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IRC President Acknowledges Moral Failure
During World War II

ICRC president admits "moral failure" in Holocaust
By Stephanie Nebehay

GENEVA, May 30 (Reuter) - Cornelio Sommaruga, president of the International Committee of the Red Cross (ICRC), for the first time on Tuesday acknowledged the humanitarian agency's "moral failure" during World War Two.

Sommaruga, in a statement to mark the 50th anniversary of the conflict, said that the ICRC regretted what he called its "possible omissions and errors of the past."

The Swiss-run agency has been criticised by historians over the years for failing to openly denounce atrocities against Jews and other minorities in Hitler's concentration camps.

A spokesman confirmed it was the first time that the ICRC had publicly accepted criticism of its inaction during the Holocaust, during which six million European Jews died. "We have taken another look at our own share of the responsibility for the almost complete failure by a culture, indeed a civilisation, to prevent the systematic genocide of an entire people and of certain minority groups," Sommaruga said in a prepared statement.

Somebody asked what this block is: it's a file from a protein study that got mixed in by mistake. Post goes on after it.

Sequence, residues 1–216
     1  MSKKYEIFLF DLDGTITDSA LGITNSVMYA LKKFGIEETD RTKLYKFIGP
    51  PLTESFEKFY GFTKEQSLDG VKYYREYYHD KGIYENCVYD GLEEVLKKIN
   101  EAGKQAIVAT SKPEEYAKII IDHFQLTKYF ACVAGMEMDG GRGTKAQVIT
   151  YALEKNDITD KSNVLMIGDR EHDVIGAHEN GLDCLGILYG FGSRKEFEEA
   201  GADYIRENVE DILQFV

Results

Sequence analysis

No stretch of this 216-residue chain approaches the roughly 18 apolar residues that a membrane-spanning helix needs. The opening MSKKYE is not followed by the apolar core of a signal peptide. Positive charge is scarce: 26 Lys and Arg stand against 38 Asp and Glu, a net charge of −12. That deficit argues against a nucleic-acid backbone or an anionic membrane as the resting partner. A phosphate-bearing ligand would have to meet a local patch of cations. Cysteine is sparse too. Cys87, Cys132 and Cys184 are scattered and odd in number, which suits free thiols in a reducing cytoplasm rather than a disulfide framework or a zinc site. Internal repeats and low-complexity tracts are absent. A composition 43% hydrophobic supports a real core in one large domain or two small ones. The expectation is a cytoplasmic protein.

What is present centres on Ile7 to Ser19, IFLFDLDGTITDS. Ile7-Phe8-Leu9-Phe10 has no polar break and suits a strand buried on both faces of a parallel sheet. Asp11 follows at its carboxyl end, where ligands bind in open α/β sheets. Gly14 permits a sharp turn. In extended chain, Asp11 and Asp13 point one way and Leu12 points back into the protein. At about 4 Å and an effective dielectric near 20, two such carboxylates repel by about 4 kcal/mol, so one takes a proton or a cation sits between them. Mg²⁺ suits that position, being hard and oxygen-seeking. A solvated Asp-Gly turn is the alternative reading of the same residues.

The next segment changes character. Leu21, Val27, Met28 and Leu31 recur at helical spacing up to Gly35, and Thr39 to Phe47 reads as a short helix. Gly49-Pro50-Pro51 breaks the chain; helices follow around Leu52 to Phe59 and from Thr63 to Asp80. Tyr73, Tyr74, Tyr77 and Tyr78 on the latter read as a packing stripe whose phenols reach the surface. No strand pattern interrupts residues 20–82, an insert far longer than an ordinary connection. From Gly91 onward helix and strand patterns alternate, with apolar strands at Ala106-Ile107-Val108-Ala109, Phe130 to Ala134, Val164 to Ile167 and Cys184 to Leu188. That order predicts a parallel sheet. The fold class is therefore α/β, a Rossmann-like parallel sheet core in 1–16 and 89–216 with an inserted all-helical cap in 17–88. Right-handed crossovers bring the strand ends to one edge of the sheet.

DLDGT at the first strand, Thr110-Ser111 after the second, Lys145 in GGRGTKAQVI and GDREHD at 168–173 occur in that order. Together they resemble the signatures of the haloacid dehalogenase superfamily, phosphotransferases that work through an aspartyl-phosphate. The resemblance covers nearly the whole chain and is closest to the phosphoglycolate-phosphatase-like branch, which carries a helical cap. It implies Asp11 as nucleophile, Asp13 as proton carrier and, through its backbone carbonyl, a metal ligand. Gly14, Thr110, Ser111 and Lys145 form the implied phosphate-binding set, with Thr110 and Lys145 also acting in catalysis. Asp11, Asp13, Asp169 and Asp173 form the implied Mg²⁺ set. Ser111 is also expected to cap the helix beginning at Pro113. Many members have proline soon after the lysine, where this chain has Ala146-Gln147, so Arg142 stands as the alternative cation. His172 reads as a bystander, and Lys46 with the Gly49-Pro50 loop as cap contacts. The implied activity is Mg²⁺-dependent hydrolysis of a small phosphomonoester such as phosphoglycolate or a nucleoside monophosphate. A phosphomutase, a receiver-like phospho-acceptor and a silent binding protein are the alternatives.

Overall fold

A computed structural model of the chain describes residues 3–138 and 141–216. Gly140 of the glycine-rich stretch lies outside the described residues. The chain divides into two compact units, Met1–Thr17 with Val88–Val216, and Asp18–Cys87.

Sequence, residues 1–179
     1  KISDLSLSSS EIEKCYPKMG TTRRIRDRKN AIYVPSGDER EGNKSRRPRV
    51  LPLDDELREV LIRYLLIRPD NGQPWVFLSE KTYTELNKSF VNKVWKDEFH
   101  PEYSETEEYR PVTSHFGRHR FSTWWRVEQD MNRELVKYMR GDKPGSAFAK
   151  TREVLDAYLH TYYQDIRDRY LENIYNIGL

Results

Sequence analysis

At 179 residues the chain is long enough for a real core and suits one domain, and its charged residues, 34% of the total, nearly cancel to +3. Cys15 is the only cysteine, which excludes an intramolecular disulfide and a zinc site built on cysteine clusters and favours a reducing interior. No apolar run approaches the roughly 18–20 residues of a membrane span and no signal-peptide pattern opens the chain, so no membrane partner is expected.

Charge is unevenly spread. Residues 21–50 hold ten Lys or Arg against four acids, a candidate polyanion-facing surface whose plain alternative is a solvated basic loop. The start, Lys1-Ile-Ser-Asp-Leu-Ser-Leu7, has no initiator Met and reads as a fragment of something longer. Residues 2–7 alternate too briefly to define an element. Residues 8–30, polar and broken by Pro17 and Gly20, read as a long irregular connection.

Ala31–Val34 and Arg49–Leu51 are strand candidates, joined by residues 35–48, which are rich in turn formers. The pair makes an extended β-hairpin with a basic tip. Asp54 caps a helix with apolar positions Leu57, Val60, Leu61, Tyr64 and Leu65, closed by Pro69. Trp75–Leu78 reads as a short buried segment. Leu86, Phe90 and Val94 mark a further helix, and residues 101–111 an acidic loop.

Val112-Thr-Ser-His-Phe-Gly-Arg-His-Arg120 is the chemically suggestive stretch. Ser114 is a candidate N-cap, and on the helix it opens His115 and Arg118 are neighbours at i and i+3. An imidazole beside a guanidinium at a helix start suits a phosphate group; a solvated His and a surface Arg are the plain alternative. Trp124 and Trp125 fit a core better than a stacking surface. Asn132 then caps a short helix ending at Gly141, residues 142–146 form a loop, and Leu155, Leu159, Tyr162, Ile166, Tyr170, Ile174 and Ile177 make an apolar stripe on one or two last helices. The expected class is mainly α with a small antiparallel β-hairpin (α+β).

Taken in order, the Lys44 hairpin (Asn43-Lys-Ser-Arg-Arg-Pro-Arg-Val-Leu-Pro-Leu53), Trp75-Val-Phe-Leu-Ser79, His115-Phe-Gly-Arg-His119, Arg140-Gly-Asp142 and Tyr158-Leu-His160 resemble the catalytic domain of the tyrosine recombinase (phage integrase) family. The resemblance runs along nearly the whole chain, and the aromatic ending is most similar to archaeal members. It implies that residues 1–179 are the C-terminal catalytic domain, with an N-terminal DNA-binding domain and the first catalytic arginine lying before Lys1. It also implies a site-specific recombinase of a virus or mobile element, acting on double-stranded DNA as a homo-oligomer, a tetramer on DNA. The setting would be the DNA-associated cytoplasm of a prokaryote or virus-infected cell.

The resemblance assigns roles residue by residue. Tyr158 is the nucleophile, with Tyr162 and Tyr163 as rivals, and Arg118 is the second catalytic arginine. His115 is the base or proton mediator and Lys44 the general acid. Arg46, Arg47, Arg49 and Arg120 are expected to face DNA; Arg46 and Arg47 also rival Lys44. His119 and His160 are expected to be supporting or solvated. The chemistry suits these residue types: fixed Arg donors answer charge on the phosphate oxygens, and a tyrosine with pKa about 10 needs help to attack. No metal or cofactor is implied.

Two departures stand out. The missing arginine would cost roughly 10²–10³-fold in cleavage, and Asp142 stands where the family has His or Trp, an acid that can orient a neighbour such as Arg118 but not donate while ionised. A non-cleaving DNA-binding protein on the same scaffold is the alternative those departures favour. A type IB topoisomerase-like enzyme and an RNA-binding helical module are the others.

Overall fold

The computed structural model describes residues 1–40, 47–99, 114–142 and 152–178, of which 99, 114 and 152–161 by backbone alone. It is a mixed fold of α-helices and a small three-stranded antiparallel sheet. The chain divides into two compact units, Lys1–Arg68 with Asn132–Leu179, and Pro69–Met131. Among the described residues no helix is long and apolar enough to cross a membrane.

The ICRC managed to achieve a lot during World War Two, in particular for prisoners of war, despite the limited scope of humanitarian law agreed by member states at the time, according to its current president.

"But believe me, every moment spent today on our humanitarian responsibilities to assist the victims of war and political violence reminds me of our institution's moral failure with regard to the Holocaust, since it did not succeed in moving beyond the limited legal framework established by the states," Sommaruga said.

"Today's ICRC can only regret the possible omissions and errors of the past," he added.

Asked by a reporter whether his remarks constituted a formal apology on behalf of his predecessors, he declined to elaborate. Sommaruga also noted that in 1934 the ICRC submitted a draft convention setting out measures to protect civilian populations in enemy hands and in occupied territories.

The four Geneva Conventions designed to safeguard the rights of civilians as well as armed forces and prisoners of war during conflict were only agreed in 1949.

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March 8, 1999

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